The psychology of sleeping is funny.
As Daylight Savings approaches this Sunday, it’s essential that we are getting all the sleep we can these days. Some nights we fall right to sleep, while other nights can involve a lot of staring into the darkness for no particular reason or effectiveness. The latter is (hopefully) a very rare occurrence. But still, why does it happen? Was it something we ate? Something we drank? Are we cognitively consumed with something important, either consciously or unconsciously?
Might be time to consult a psychiatrist (or two).
Don’t forget to turn off the lights, set your alarm, and to kick-out your annoying TV brother who is spending the night.
Today is a perfect day to laugh.
Dana Carvey, an SNL and impressions icon, performs new comedy in an old way. What do I mean? Some of the best SNL sketches are when well-known figures are made fun of with great insight and precision. But there’s a catch:
The jokes are not activist-driven.
The video above showcases an increasingly rare comedic gift. We have to be able to joke around with and about each other without getting heated about every single little detail. Sometimes we just need to laugh. Mr. Carvey’s sense of humor is laser-focused on the punchline instead of the punch. Jerry Seinfeld is the same way. And Mr. Seinfeld has said that he will care about you if you’re funny. Otherwise, he’s not interested.
A sage perspective, actually.
So, this is Nicolas Cage trying to order a medium Tall at Starbucks…
I want to bring TGIF back into people’s vernacular. It’s time this beloved acronym makes a serious societal comeback onto the big stage via pop-culture for expressing excitement over the weekend’s arrival.
I just hope I won’t get heckled while saying it…
Will Ferrell will be hosting tomorrow’s SNL with musical guest Chris Stepleton. TGIASNL (Thank Goodness It’s Almost Saturday Night Live).
That’s not as catchy as TGIF, but don’t stop believin’ in fun and catchy acronyms.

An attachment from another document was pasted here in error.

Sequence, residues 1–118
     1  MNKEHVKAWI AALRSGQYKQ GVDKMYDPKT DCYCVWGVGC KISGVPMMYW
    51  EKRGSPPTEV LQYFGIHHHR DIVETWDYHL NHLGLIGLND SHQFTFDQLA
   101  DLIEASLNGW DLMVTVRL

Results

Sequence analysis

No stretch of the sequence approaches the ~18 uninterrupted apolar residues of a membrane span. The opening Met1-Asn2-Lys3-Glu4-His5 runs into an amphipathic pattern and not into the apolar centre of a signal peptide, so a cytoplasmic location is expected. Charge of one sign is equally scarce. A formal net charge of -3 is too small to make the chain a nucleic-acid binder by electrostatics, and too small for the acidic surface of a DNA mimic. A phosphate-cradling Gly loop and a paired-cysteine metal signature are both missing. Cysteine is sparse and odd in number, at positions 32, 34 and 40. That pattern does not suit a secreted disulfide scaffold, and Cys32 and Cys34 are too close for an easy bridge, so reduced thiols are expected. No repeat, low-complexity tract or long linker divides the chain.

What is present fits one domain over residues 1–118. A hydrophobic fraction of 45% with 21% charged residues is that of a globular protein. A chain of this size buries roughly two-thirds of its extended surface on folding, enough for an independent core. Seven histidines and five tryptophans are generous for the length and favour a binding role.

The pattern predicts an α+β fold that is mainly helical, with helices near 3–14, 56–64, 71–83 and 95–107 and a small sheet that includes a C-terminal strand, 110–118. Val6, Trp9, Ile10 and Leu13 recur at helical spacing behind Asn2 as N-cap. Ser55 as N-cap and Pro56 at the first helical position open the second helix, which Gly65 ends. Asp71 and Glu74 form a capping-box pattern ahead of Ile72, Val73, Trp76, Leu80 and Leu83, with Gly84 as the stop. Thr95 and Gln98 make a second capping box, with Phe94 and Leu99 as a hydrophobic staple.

It’s Day 2 of the workweek and you may still be stressed-out and relentlessly catching-up on projects or emails. And while expediency can be a massive benefit through the use of technology (particularly mobile tech), it has also proven to be a massive burden in some cases. We need/have to be able to disconnect from time-to-time. For some, however, the connection between expediency and expectation is linear and non-negotiable. In other words, if you can respond in the moment, some people expect you to respond at that exact second. No excuses.
Enter one of the problems with technology’s increasing speed: Lack of time and understanding to think, reflect or acknowledge reality.
Yes, the following is an interview with a comedian. Yes, you may, therefore, be tempted to write-off what he has to say about an isolated societal problem that seems like a reasonable fix in many (obviously not all) situations.
Yes, the interview is also funny.
(Interview is from last year, which is why it’s announced that Baskets airs on Thursdays in the video)
And yes, the no-work-emails after 5 p.m. sounds like a good idea to try to navigate the increasingly blurred line between our work and non-work life, fueled by the pressured expectation of instantaneous communication via technology.
And yes, season 3 of Baskets starring Zach Galifianakis starts airing tonight at 10 p.m. on FX.